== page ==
The annual Giving USA study found that donations grew 4% in 2015, reaching the most amount in the history of the study – $373 billion. Here are some fast facts from the new report (with a little context and editorializing by us).
While giving was up by 4% in 2015, it was up by 6% in 2014. (Not as good. Still, an increase is important, no matter how incremental.)
While giving to religious groups only increased by 2.6 percent to $119.3 billion in 2015, they still receive the largest percentage of all giving every year. (Religious groups are still in a class by themselves in terms of giving. I’m looking for research as to how religious groups spend this money.)
Giving to “international affair” organizations had the highest increase, believed to be the result of high-profile humanitarian crises like the Syrian refugee crisis and the Nepal earthquake. (Traditional and social media helped raise the profiles of these events, something to think about when considering how much to invest in communications.)
Giving from living individuals grew 3.7 percent to $264.6 billion, 72 percent of total donations. (Again, year after year, the largest percentage of gifts come from individuals, not corporations [$18.5 billion in 2015] or foundations [$58.5 billion in 2015]).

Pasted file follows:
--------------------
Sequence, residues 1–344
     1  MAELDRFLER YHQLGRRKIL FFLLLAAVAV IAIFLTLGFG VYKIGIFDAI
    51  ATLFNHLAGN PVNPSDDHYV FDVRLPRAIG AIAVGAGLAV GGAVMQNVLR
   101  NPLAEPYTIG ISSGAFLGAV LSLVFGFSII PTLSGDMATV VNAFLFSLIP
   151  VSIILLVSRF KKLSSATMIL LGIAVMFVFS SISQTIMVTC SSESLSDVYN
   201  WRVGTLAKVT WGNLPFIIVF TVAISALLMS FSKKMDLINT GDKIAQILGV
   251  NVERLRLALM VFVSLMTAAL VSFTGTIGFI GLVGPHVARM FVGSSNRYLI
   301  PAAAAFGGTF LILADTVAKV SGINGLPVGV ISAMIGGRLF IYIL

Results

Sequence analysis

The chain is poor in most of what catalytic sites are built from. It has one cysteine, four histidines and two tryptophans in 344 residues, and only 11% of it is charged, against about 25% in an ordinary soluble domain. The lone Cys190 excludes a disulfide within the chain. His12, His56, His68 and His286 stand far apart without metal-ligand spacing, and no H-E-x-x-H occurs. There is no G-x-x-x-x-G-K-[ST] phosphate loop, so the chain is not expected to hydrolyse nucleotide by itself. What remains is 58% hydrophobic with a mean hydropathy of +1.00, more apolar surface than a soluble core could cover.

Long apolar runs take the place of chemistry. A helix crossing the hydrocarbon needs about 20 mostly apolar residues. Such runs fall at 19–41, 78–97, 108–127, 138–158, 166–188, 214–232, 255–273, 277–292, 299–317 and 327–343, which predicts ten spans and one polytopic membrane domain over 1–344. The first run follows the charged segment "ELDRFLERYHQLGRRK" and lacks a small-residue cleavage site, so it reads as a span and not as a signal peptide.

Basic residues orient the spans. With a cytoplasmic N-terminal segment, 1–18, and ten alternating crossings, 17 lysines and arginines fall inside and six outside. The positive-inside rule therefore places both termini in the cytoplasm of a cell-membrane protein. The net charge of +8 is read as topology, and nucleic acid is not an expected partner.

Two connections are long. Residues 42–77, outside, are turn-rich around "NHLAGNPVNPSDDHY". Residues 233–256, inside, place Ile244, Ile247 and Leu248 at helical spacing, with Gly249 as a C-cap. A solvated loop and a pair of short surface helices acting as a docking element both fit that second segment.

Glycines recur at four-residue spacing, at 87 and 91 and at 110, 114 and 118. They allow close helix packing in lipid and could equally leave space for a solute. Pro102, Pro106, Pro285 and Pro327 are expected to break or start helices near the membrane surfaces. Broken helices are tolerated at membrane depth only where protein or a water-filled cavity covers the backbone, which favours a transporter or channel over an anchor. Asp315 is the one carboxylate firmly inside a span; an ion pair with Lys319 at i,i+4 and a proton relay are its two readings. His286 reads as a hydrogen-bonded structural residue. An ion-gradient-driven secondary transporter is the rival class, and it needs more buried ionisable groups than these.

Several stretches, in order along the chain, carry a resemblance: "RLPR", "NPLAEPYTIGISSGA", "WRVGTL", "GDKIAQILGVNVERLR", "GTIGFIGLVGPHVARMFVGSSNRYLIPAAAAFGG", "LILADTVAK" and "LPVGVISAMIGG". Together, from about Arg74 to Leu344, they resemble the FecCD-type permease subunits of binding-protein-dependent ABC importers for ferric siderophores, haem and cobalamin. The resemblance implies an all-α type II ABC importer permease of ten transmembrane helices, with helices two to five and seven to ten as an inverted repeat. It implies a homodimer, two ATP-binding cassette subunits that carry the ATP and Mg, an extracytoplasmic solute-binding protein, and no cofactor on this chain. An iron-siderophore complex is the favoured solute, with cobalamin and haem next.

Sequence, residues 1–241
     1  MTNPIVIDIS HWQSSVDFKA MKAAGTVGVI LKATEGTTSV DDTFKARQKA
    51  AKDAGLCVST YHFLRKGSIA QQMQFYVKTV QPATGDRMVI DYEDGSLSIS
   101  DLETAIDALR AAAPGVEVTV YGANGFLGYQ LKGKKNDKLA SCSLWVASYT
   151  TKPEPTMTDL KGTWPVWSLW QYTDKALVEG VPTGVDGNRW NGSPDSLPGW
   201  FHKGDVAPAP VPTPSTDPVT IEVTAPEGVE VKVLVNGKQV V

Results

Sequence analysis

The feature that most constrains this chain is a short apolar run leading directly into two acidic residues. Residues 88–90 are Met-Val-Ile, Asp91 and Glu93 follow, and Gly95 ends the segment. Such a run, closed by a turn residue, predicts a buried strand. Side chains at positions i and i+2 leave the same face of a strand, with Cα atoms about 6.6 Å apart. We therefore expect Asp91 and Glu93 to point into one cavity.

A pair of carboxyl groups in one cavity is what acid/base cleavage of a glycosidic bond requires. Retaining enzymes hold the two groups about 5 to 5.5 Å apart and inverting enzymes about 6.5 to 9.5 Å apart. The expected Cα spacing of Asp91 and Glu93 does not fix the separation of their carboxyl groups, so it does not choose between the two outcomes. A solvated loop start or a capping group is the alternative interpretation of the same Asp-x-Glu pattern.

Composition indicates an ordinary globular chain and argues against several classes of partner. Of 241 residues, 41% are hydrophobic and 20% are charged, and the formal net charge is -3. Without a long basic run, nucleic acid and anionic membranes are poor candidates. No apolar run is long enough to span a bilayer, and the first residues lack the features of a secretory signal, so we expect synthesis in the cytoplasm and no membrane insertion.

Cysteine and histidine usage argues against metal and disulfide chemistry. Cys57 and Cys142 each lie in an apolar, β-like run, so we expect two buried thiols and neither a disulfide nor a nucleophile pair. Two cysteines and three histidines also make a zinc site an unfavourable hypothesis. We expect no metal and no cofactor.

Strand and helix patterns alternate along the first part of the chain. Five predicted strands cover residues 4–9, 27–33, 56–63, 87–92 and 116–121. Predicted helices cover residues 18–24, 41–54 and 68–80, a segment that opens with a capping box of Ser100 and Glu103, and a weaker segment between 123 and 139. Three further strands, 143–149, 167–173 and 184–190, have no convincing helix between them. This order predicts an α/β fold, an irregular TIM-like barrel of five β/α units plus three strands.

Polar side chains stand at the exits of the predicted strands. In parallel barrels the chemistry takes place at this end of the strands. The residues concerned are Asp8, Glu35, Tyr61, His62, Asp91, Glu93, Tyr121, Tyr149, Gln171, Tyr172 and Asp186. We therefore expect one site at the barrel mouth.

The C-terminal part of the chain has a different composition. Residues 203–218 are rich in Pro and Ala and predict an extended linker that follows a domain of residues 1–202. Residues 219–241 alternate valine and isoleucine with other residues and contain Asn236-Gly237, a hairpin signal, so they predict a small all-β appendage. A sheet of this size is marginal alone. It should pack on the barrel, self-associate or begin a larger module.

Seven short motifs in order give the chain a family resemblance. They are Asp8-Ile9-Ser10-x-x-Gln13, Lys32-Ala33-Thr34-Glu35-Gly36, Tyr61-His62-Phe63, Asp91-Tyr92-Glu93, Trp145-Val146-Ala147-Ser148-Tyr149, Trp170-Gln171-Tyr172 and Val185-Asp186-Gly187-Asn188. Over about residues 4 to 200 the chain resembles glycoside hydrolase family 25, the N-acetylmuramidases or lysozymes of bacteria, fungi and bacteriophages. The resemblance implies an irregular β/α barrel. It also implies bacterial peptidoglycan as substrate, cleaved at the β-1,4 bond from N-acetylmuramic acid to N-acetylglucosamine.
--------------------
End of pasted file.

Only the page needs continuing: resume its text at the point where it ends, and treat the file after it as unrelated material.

Disposable personal income seems to have less of an effect on individual giving than do other economic indicators, like the stock market. (Maybe if people ‘feel’ like they can rely on future income to be steady, they’re more willing to give some of it away.)
The takeaways for Austin-area nonprofits:
- Focus on individual giving. It’s the most reliable source of gifts year after year.
- Invest more in marketing and communications. High-profile needs receive more donations.
- Invest more in those communities that may be experiencing more hope for income stability. People coming into money are much more generous than those unsure about future wealth.
While the findings (and our advice) are pretty obvious, reports like Giving USA’s can lend credibility to your strategic plans. Learn more about the Giving USA report here.